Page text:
The authors have another argument for including things like “ambient harassment” in their definition, which is that the reports they included in their survey only asked women about harassment they’d experienced in the last 12-24 months—although that argument is tantamount to an admission that they were worried that if they stuck to the more conventional definition they wouldn’t be able to come up with the headline-grabbing numbers they were hoping for. “An initial challenge in conducting survey research on sexual harassment is that many women are not likely to label their experiences as sexual harassment,” they write.
In 2016, University of Melbourne psychologist Nick Haslam published a seminal paper on the phenomenon of “concept creep” in psychology. Haslam proposed that several categories of meaning had expanded within psychology over a period of several decades, and that this expansion had occurred both vertically and horizontally. These categories included abuse, trauma, mental disorder, bullying and prejudice. The expanding definition of sexual harassment, therefore, sits inside part of a larger, more general trend.
Haslam says this process is often driven by worthy goals—and no doubt the same could be said of those who’ve expanded the definition of sexual harassment. Driven by the goal of promoting equal opportunity for women in the STEM fields, gender equality advocates have sought to broaden the meaning of the term to capture milder and more subtle behaviours they believe contribute to keeping women out. But do they? And is there any evidence that women are more likely than men to experience hostile behaviour of a non-sexual nature in the workplace?
Sexist comments and “ambient harassment” are, by their very nature, more ambiguous than a boss’s groping or demands for sexual favours. What might be ambient harassment to one person may go completely unnoticed by another. Likewise, what may be perceived as a sexist comment by one person might not be by another. But perhaps what is most note-worthy about the definition of the NASEM report’s authors use is that neither intention or the subjective interpretation of the target matter when it comes to sexual harassment. Even when women do not consider “ambient harassment” to be sexual harassment, this view is overridden by the researchers. In the sexual harassment literature, what counts most is the view of the researchers carrying out the surveys, who interpret and label women’s experiences for them.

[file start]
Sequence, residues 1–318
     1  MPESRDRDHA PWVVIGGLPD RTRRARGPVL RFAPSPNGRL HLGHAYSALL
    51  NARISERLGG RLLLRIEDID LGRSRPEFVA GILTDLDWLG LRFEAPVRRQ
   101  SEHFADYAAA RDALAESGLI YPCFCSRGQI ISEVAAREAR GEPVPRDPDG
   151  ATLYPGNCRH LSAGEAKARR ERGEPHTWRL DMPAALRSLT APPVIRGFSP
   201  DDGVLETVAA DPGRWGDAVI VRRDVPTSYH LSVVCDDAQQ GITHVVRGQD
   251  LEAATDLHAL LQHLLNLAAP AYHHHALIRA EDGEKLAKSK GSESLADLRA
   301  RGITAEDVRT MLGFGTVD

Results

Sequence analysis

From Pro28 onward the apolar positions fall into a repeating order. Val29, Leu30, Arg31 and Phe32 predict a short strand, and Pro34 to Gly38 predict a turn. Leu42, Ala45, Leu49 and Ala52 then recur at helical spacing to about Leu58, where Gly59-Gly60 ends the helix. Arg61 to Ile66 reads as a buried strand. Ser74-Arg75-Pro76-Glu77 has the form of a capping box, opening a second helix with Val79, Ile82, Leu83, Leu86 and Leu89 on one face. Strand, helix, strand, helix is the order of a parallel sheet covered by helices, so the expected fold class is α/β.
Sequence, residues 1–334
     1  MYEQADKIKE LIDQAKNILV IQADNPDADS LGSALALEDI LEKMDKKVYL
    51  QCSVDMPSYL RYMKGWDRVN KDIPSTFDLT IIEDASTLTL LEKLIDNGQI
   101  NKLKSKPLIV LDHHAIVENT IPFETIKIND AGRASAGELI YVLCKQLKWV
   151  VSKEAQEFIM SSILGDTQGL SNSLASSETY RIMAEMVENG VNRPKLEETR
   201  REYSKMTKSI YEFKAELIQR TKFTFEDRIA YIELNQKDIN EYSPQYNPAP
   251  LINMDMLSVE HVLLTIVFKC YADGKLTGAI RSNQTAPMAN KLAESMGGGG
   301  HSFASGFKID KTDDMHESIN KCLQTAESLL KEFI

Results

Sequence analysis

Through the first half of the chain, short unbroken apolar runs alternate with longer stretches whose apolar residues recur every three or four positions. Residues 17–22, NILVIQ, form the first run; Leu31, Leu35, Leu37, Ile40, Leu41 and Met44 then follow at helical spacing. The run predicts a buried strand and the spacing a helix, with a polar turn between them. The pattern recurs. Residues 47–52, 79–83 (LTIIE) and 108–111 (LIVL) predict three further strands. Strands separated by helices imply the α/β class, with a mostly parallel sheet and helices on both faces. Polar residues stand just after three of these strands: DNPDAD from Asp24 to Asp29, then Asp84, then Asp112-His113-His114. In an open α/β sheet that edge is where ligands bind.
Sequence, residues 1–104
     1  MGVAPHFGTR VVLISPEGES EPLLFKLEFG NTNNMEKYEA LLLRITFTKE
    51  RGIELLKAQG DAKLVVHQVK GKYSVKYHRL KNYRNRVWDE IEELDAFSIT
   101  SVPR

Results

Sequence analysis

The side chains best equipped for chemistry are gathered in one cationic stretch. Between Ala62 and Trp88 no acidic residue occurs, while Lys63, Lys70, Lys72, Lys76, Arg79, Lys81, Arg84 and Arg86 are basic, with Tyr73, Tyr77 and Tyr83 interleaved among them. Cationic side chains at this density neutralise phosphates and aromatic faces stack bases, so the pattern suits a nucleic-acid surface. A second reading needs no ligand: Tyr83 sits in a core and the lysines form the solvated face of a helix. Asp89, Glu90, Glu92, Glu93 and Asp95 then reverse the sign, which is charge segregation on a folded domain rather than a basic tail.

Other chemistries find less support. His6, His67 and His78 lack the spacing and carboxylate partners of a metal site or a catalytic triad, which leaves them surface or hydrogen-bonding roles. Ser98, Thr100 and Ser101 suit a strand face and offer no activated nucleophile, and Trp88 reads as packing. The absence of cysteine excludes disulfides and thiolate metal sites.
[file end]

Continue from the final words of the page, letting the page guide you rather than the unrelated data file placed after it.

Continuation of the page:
In the NASEM report, behaviour that is classified as sexual harassment need not be about sex, need not be distressing, need not be interpreted as sexual harassment by the person on the receiving end, and may not be directed at a person at all.
For some, this expansion of the definition will represent progress—an expansion of what Peter Singer has called the “moral circle” in which we empathise with people we haven’t empathised with before. Certainly, in the context of university and workplace governance, having administrators empathise with those who have little power may be a good thing. Nevertheless, as Haslam points out, “concept creep may release a flood of unjustified accusations and litigation, as well as excessive and disproportionate enforcement regimes.” Additionally—
[C]oncept creep can produce a kind of semantic dilution. If a concept expands to encompass less extreme phenomena than it did previously, then its prototypical meaning is likely to shift in that direction. If trauma, for example, ceases to refer exclusively to terrifying events that are outside normal human experience, and is applied to less severe and more prevalent stresses, then it will come to be seen in a more benign light.
Analogously, if sexual harassment is redefined so it includes an unintentionally sexist joke then a boss pressuring his intern for after-hours massage may come to be viewed in the same light—as a risqué joke. This risks trivialising actual sexual coercion.
But what is most surprising about the NASEM report is the authors’ dismissive attitude towards women’s actual perceptions of their own experiences. If women themselves do not interpret inappropriate comments and “ambient harassment” as sexual harassment, then what is it about the behaviour that makes it so? And if the researchers’ definition of sexual harassment varies from the legal and the layperson’s definition, what makes the research definition a more accurate term for research purposes? If the category of behaviour that is described is different to the legal and layperson understanding of the term, then why not create another separate category altogether? Or why not call it “gender harassment” rather than “sexual harassment”? All of these questions are left un-answered.
It seems apparent that the authors of the report deliberately enlarged the definition of harassment in order to come up with the figures they wanted. These startlingly high rates are then used to shoe-horn in policies and recommendations that benefit a subset of politically active individuals within the STEM fields – and create jobs for harassment consultants and diversity trainers. The interventions themselves may not actually work, in the sense that they may not create a less hostile workplace environment for women or encourage more women to enter STEM fields, but they will at least benefit those who advocate them and their political allies.
The downside is that any research findings on sexual harassment will automatically be viewed with suspicion in future.
Honestly, I' m getting to the point that when I see "sexual harassment" in an article I pretty much tune out and move on…
— Paul Murany (@PMurany) October 22, 2018
And trust in the sciences, and NASEM in particular, is diminished when this type of advocacy is presented as objective science. But perhaps the most ominous consequence will be that the recommendations of the NASEM report are implemented, soaking up a lot of time and resources that won’t actually benefit women.
Claire Lehmann is the founding editor of Quillette. Follow her on Twitter @clairlemon